Search Engine Optimization (SEO) – Part 3

SEO Keyword Use

So you’ve researched which keywords you want to target, but just putting the keywords in your <title> and <h1> tags is not enough. If you stop there, you’re not going to be able to cover all the bases or pull in as much search traffic as you could. When doing on-page optimization for your selected keywords, there are three things to take into consideration:

1.Keywords Density – How many times is your keyword mentioned on your site? If it’s too much, you’ll look like a spammer; if it’s too little, you won’t look like a relevant match and the search engines won’t consider your site.

2.Keyword Variation – Altering versions of your keywords will help you capture hidden search engine traffic.

3.Similar Keywords – These are closely related topics to your keywords that will aide the search engines in correctly categorizing your traffic.

Keyword Density

Although some SEOs will talk about aiming for an exact proportion (e.g. the number of times your keyword appears divided by the total number of words on the page), it’s a little too much work for something that will take care of itself as long as you know how to write well! Use your keyword frequently on your site, but not so much that it makes the page look weird or a sentence sound awkward. If you just use the keyword once at the top of the page and then reference the keyword as “it”, for the rest of the article, you’ll definitely be using it too little.

If you want some numbers, you should use your keyword at least three times on the page. This does not include keyword variations.

Keyword Variations

You may have found a couple of high traffic keywords using a keyword research tool, but those estimates often group similar keywords, alternate spellings, and plurals into a single word. Valuable traffic is hidden when using those tools. This hidden traffic lies in all the subtle variations of your keyword that someone may search for.

  • Plurals – The easiest way to optimize your site is to include the plural version of your keyword at least a couple of times on your page. Nearly every keyword can do this (instead of “free hat”, try “free hats”).
  • Misspellings – Although it may make your site look a little unprofessional, including a very common misspelling of your keywrod is one of the easiest ways to rank #1 for that exact spelling and get some free traffic. This is one of the fun things to experiment with after you’ve optimized the rest of your site.
  • Acronyms – If your keyword is an acronym like SEO, write out the words completely (Search Engine Optimization) so that you can target those people who do not know the acronym.

Similar Keywords

If you’re making a page to target “big hats,” consider changing up the adjective “big” to its synonyms, like “huge,” “giant,” “large,” “humongous,” or “oversized.” You can also use the names of specific words that relate to “big hats,” like “cowboy hat” and “sombrero.” By using this tactic, you give yourself a chance to rank for those similar keywords, plus you let the search engines know more about your page and what it’s about. The more a search engine knows about your page, the better off you’re going to be!

Page Depth

Page depth refers to the number of required clicks to get to a page from the homepage. Pages that are available in one click are deemed more important than those that are nearly hidden and require more than 3 clicks to reach. It might seem a little strange, but if you can visualize your website in a tree graph, you will easily notice why certain pages are performing poorly in the search engines.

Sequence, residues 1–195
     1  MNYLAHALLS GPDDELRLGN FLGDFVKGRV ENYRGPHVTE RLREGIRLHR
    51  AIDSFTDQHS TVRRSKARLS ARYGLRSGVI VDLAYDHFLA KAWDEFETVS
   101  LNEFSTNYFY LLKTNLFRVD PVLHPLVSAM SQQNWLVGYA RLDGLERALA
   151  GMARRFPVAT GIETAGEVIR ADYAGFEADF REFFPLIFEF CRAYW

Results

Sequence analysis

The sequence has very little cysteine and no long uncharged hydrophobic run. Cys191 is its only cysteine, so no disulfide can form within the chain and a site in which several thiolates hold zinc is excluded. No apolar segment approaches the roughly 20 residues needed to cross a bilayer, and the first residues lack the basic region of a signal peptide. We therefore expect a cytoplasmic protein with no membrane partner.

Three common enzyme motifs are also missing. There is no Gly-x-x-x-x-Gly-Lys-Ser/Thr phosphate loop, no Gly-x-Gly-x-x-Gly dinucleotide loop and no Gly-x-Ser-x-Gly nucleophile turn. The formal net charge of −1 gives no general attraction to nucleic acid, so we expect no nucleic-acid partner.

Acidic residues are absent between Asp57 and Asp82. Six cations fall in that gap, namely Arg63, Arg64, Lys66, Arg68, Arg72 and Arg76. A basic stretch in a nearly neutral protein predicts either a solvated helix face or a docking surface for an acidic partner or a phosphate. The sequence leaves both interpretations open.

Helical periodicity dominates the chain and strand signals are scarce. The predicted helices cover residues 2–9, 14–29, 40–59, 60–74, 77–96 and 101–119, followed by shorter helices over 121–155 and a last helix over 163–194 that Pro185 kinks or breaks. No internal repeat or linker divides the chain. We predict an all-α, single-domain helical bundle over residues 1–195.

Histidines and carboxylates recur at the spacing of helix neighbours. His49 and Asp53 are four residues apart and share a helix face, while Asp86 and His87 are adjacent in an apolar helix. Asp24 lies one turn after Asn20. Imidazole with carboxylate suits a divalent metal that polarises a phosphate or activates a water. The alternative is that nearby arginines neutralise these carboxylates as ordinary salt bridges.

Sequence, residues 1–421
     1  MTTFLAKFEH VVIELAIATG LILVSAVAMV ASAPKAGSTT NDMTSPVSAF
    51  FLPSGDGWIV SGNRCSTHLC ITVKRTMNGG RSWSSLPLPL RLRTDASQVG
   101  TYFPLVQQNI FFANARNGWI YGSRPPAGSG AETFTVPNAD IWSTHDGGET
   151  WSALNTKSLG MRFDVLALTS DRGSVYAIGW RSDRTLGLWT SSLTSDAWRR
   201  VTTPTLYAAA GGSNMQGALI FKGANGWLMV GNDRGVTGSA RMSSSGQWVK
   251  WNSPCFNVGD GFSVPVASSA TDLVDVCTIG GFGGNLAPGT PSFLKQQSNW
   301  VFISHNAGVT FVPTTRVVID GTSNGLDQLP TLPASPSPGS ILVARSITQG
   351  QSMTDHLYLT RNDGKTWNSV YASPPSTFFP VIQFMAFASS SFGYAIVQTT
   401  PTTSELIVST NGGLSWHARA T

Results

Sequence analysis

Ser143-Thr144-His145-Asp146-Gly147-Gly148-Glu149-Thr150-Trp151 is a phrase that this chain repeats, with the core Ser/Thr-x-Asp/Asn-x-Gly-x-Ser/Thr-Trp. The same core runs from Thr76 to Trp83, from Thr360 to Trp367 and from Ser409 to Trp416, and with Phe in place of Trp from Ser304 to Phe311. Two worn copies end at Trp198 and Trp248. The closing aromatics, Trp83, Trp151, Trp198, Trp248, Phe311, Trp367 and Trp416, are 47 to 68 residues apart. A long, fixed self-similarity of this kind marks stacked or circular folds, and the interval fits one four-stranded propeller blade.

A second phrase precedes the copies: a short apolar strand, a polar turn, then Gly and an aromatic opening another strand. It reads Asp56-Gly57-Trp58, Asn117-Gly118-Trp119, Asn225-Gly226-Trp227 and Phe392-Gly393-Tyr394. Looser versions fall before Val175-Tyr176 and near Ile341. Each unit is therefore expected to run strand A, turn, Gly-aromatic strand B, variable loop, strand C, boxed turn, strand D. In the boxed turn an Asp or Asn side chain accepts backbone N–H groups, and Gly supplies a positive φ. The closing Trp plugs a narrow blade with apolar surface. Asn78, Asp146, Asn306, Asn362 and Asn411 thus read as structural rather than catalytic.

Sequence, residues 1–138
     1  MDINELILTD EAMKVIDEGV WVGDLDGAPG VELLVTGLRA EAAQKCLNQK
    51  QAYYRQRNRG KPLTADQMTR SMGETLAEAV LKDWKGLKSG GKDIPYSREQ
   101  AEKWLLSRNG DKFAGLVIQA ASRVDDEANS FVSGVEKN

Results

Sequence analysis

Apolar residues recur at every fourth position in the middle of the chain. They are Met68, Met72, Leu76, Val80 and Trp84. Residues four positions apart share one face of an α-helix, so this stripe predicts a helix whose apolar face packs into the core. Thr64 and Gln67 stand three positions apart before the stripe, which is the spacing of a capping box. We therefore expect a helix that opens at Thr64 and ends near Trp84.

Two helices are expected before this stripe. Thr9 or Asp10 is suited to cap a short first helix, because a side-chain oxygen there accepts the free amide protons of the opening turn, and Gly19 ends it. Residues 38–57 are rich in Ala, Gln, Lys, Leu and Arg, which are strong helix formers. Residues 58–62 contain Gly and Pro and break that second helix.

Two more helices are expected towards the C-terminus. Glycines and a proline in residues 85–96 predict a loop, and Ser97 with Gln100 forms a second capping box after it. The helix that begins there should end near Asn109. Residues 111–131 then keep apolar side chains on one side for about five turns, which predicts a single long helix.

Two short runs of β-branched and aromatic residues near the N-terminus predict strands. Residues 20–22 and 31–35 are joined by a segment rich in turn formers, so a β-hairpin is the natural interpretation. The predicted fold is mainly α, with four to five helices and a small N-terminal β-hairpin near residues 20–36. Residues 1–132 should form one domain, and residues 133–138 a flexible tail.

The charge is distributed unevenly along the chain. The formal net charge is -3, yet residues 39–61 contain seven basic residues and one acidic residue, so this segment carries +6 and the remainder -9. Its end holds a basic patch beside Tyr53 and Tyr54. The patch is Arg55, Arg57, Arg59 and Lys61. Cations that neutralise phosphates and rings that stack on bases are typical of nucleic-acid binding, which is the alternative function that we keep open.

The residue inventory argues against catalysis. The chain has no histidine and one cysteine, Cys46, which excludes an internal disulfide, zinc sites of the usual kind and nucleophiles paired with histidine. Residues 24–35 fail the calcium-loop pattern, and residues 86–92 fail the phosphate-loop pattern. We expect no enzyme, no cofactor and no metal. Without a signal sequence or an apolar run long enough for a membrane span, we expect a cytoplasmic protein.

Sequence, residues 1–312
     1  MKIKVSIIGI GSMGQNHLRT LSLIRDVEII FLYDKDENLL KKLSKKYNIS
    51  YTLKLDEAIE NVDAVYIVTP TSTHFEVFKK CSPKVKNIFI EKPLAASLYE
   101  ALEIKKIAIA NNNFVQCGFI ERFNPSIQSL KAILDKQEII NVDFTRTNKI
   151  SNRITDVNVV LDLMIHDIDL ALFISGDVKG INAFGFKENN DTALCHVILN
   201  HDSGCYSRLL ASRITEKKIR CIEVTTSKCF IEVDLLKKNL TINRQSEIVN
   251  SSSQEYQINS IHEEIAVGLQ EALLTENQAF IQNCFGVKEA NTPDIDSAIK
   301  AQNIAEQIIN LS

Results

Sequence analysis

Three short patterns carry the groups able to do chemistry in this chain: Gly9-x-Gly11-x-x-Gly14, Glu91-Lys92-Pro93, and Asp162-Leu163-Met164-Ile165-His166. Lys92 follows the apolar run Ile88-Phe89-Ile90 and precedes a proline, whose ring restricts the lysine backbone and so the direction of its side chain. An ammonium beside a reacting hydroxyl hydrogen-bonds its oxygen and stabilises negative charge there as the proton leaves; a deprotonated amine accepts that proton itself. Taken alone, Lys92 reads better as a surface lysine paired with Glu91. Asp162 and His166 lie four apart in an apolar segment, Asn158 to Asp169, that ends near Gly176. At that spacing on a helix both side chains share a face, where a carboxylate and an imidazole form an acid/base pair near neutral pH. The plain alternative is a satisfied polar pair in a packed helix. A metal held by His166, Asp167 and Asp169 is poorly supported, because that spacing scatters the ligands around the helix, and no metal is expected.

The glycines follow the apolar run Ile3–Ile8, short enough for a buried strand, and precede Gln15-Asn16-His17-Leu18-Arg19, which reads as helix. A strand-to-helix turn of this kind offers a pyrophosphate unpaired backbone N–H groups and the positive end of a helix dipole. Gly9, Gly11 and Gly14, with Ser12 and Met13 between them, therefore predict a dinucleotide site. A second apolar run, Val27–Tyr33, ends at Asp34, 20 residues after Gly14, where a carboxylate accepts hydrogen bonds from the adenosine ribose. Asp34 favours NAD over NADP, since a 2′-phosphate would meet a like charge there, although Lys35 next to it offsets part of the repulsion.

By organizing your site in this format, you can see which pages are getting a lot of page depth love and which are hurting. If you have a lot of worthless pages and few important product pages, you might take this opportunity to restructure your site.

Anchor Text

Simply getting links from many other websites is not enough for your website to rank well in the search engines. The quality of your anchor text will play a huge factor in ranking your pages for specific keywords, especially competitive ones.

What is Anchor Text?

Anchor text refers to the words that make up a link, they are the words that turn your mouse cursor into a finger-pointing hand. For example, in the sentence, “I really like to go to this store,” “this store” is anchor text for the link.

Why is Anchor Text Important?

Search engines gather data by traveling around the web via links, jumping from page to page. Links are the lifeblood of a search engine and are used as key indicators for identifying the topics of the pages they’re about to go to. If 100 sites link to a site with the link “Texas Architect” or similar words, the search engine can be fairly confident that the site is about an architect in Texas.

Targeted Keywords

If you want a page to rank for a keyword that is particularly difficult, be sure to focus on getting the keyword in your anchor text. Many newbies will request links to the page they’re trying to boost and forget about the anchor text. While getting links to the page is most certainly going to help, you should try to get at least part of your keyword into the anchor text whenever you get the chance.

Keywords and URL Alignment

When getting all of these links with the desired anchor text, make sure that you’re linking to the correct page, as a very common mistake to simply link to the homepage (www.example.com) instead of the page that should be getting the link (www.example.com/rocky-mountains/oysters.php).

Stay Tuned ….

Reference – [1]“Search Engine Optimization (SEO) for Beginners”,”http://www.tizag.com/SEOTutorial/index.php”,[Accessed on 10/04/2012]

Also See – Google’s Search Engine Optimization

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